Hold-ins continue to be a delicate situation for NFL teams


More than a few players, in lieu of holding out at the start of training camp, showed up but didn’t practice. In every case, their teams allowed it.

And so a new kind of hold-in was born. Previously, the term as used in NFL circles referred to a player who either embellished or fabricated an injury in order to not practice. Now, the teams seem to simply shrug at the notion that a player who isn’t happy with his contract will show up for camp but participate in on-field drills until it the problem is solved.

The rules aren’t clear. And, in Seattle, the patience the team previously showed with safety Jamal Adams and continues to show with tackle Duane Brown has spread. Safety Quandre Diggs, who previously was practicing, now isn’t.

“I can’t remember what the rules were in the past as far as guys not coming and showing up and all that in the past,” coach Pete Carroll told reporters on Friday, after saying that Diggs “deserves” to make a statement by not practicing. “I think this is an opportunity for players in all sports to communicate where they’re coming from, and this is a way to do it. Quandre has been great all through camp. He’s had a fantastic camp, and he’s in great shape and he’s ready to go.”

The rules used to be that players who didn’t like their contracts would hold out and incur daily fines. Then, when the holdout ended, the team would waive the fines. Now that the fines have shot to $50,000 per day and can’t be waived unless a player is operating under his rookie deal, a player who isn’t happy has to show up and then basically refuse to work. And the teams are letting them do it.

Carroll, who allowed Adams and Brown to do it from the start of camp, is now shrugging at Diggs doing an about-face as he tries to get a new deal.

At some point, however, the team has to say, “Enough.” At some point, it’s time to work. If any player who doesn’t like his contract can just show up and refuse to work indefinitely, more and more will do it.

It’s a dangerous precedent, one that was created by CBA changes that made holdouts much harder to accomplish. For now, hold-ins are much easier to accomplish. Especially in Seattle.

10 responses to “Hold-ins continue to be a delicate situation for NFL teams

  1. Seattle loves to go after these alpha dudes with personalities (see the LOB), but these are the potential downfalls. I realize Diggs had a decent year last season. But they just set the market with Adam’s contract and no Diggs wants his too? I mean he is the 19th highest paid safety. Each team has 2 safeties. So in reality he is sitting at 19 of 64. That’s pretty dang good, especially considering the guy who starts next to you is the #1 paid in the league. I would say Diggs comes in as one of the top 20 in the league and his pay reflects that. Seattle got themselves into this mess, let’s see if they can get out.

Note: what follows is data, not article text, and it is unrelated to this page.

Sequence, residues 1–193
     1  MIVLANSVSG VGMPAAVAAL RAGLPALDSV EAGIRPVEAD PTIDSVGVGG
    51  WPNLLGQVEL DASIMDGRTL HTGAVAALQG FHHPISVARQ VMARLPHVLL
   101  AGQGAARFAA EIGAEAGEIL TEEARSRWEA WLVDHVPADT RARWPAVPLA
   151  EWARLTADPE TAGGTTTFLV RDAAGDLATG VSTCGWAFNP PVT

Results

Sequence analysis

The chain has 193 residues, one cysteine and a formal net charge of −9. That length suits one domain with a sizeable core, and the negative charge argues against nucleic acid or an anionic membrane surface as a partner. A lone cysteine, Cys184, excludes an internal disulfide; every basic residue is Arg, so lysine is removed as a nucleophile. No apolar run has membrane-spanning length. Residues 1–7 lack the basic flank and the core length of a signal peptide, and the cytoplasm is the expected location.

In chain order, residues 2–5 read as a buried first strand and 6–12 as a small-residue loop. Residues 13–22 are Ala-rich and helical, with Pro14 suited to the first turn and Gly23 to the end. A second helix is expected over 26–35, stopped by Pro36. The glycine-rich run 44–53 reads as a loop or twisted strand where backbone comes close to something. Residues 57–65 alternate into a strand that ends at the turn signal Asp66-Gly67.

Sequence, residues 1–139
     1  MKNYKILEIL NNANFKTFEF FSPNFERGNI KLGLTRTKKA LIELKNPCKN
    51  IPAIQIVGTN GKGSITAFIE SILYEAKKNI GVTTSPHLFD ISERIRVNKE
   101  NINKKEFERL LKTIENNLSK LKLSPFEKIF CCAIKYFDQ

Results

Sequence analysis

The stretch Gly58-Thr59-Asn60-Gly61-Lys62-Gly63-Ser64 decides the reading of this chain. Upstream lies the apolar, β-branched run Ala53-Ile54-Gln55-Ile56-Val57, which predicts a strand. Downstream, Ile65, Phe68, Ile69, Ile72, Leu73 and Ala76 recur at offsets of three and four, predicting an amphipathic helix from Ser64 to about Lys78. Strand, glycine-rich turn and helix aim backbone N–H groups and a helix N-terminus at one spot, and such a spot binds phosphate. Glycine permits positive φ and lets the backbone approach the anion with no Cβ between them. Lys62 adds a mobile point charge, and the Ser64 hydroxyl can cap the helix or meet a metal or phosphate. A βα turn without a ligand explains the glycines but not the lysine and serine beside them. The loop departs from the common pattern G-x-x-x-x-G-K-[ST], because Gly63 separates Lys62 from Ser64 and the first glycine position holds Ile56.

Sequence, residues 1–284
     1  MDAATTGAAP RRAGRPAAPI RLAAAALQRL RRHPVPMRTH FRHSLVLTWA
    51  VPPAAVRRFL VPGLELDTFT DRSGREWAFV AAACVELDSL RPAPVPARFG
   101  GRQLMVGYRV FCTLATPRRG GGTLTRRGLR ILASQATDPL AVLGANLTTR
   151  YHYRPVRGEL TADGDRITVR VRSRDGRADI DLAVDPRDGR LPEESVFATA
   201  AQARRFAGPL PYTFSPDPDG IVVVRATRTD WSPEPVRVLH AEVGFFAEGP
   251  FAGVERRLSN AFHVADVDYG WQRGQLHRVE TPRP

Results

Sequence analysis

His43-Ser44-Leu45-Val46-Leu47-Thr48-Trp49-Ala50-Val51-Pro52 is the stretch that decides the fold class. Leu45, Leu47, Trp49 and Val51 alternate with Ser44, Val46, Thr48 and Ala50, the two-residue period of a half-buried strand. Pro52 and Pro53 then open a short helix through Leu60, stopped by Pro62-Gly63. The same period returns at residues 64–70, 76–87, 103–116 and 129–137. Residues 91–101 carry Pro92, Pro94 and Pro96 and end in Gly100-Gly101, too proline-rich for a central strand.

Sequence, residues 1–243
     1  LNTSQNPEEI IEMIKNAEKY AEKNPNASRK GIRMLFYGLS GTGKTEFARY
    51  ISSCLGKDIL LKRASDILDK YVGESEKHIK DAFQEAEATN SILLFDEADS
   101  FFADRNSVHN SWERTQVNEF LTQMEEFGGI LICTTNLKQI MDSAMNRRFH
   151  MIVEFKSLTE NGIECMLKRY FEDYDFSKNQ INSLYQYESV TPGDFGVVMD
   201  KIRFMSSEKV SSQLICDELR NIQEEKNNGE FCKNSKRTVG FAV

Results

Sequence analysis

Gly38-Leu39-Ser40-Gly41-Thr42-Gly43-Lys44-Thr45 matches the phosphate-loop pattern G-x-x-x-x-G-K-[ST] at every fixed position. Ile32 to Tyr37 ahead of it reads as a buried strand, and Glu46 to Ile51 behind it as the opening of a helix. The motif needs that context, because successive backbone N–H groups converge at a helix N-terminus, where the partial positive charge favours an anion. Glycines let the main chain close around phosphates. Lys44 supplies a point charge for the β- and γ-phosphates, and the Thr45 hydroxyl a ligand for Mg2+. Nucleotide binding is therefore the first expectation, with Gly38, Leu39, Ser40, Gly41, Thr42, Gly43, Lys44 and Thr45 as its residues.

2. There’s way more overpaid players then underpaid. Probably like 20-1. Pete doesn’t have to worry about ever becoming an old man, because he’s becoming an old lady.

  3. Since players don’t get paid until the regular season, these hold-ins are merely making a business decision to reduce the bodily risk incurred during practice. If any of them suffer a serious injury during practice, they have ruined their chances at a free-agent contract for nothing. At least during the season, they are building their case for the big bucks, so the risk/benefit analysis changes. These players know their bodies and how much work they need to get ready, so they will still be able to answer the bell while saving wear and tear on their bodies.

  4. Being at Practice and refusing to practice(insubordination), is conduct detrimental to the team.

  5. On the other side of the coin – by refusing to practice, they increase the odds of potential career altering injury; such as a torn achilles.

  6. There is also less risk of injury when they develop chemistry working together and learning to read, sense each other’s ability, reactions and moves in various situations.

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